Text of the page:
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A report into the fatal shooting of cinematographer Halyna Hutchins on the set of movie Rust has found the production company “knew that firearm safety procedures were not being followed on set” and “demonstrated plain indifference to employee safety”.
Rust Movie Productions has been given a fine of 136,793 US dollars (£104,810), the maximum allowable by state law in New Mexico, following a six-month investigation by the state’s environment department.
Ms Hutchins was killed on the set of the Western movie in October last year after a prop gun actor Alec Baldwin was holding was discharged.
Director Joel Souza was also wounded in the shooting on the Bonanza Creek Ranch set near Santa Fe.
Baldwin’s lawyers say they are “grateful” to the New Mexico occupational health and safety bureau, saying the report “exonerates” the actor.
The report concluded the company showed “plain indifference to the recognised hazards associated with the use of firearms on set that resulted in a fatality, severe injury, and unsafe working conditions”.
It also noted that while the film industry has “clear national guidelines” for firearms safety, Rust Movie Productions “failed to follow these guidelines or take other effective measures to protect workers”.
The guidelines require live ammunition “never to be used nor brought onto any studio lot or stage” and that safety meetings take place every day when firearms are being handled.
They also requires that employees “refrain from pointing a firearm at anyone” except after consultation with senior figures such as the armorer.
But the report concludes: “By failing to follow these practices, an avoidable loss of life occurred.”
A statement from Baldwin’s lawyers, posted by the actor on Twitter, said: “We are grateful to the New Mexico occupational health and safety bureau for investigating this matter.
“We appreciate that the report exonerates Mr Baldwin by making clear that he believed the gun held only dummy rounds.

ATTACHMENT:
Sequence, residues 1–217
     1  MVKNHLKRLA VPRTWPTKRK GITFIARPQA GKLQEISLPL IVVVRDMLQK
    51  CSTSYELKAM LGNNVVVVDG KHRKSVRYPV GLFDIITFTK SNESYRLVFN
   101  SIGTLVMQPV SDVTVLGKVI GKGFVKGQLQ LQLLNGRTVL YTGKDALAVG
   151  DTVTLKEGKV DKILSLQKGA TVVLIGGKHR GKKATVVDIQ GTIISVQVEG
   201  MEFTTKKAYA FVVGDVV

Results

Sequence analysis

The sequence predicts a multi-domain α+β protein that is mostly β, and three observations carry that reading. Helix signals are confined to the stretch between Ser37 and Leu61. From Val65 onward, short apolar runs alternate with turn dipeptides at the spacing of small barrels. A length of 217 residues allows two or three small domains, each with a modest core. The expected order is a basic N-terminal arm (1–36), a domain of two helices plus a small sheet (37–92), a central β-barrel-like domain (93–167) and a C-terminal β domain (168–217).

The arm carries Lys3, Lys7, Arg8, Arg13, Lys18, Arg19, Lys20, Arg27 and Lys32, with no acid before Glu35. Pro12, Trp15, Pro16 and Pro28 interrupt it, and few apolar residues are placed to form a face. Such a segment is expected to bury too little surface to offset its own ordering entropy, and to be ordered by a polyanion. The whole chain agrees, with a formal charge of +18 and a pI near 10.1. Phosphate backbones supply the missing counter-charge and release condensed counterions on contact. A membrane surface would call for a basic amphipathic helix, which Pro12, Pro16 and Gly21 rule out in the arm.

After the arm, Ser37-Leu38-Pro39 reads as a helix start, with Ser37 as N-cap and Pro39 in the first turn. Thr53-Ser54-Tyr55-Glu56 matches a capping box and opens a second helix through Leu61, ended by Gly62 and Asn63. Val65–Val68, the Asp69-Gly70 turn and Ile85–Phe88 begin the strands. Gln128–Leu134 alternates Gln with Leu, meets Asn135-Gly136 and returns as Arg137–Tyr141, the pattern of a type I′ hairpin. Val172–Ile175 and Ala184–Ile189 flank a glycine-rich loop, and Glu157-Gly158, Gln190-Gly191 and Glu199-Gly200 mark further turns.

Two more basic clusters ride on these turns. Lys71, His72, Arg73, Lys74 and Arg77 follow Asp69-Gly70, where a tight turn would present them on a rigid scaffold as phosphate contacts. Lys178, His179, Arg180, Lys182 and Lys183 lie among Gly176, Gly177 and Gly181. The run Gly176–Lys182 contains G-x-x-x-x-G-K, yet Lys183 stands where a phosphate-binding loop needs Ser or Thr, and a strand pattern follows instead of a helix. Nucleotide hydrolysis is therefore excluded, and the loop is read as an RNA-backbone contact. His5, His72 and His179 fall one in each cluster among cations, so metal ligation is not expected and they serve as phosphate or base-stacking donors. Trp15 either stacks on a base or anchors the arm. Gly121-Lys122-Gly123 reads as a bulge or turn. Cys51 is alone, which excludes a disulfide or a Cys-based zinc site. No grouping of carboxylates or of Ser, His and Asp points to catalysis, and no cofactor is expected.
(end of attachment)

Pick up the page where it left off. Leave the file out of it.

“Additionally, the report recognises that Mr Baldwin’s authority on the production was limited to approving script changes and creative casting.
“Mr Baldwin had no authority over the matters that were the subject of the bureau’s findings of violations, and we are pleased that the New Mexico officials have clarified these critical issues.
“We are confident that the individuals identified in the report will be held accountable for this tragedy.”
It comes as the Hollywood actor continues to fight a number of lawsuits stemming from the incident.
Cases are being brought by script supervisor Mamie Mitchell, head of lighting Serge Svetnoy and Ms Hutchins’ family.
As well as Baldwin, two of the lawsuits name nearly two dozen defendants associated with the film, including Hannah Gutierrez Reed, who was in charge of weapons on the set.
Lawyers for Gutierrez Reed said the report also showed that the armourer was “not provided adequate time or resources to conduct her job effectively, despite her voiced concerns”.
“Critically, OSHA also determined that production failed to call Hannah in to perform her armorer duties and inspect the firearm right before its use in the impromptu scene with Baldwin,” they said in a statement.
“As we have stated before, had anyone from production called Hannah back into the church before the scene to consult with her, this tragedy would have been prevented.
“Hannah has also reached out to OSHA recently in an effort to provide her suggestions for changes and improvement of safety standards on sets to avoid a tragic incident in the future.”
Environment cabinet secretary James Kenney said: “Our investigation found that this tragic incident never would have happened if Rust Movie Productions, LLC had followed national film industry standards for firearm safety.
“This is a complete failure of the employer to follow recognised national protocols that keep employees safe.
“Employees should speak up about unsafe workplace conditions or report them anonymously to us.”
Robert Genoway, chief of the New Mexico environment department’s occupational health and safety bureau, said: “As a reminder, it is illegal for any employer to retaliate against any employee who alleges a workplace safety violation.”
The bureau said the investigation involved 1,560 hours of staff time, 14 interviews and review of 566 documents.
In January, Baldwin surrendered his mobile phone to authorities as part of the inquiry.
In the wake of the shooting, production on Rust was halted indefinitely while authorities investigated.
In his first interview following the incident, Baldwin told Good Morning America he was dreaming about the incident “constantly”, adding: “I couldn’t give a shit about my career any more.”
He also said he cocked the gun that killed Hutchins but “didn’t pull the trigger”.
In February, Baldwin was in the UK filming for what reports said was the air disaster thriller 97 Minutes.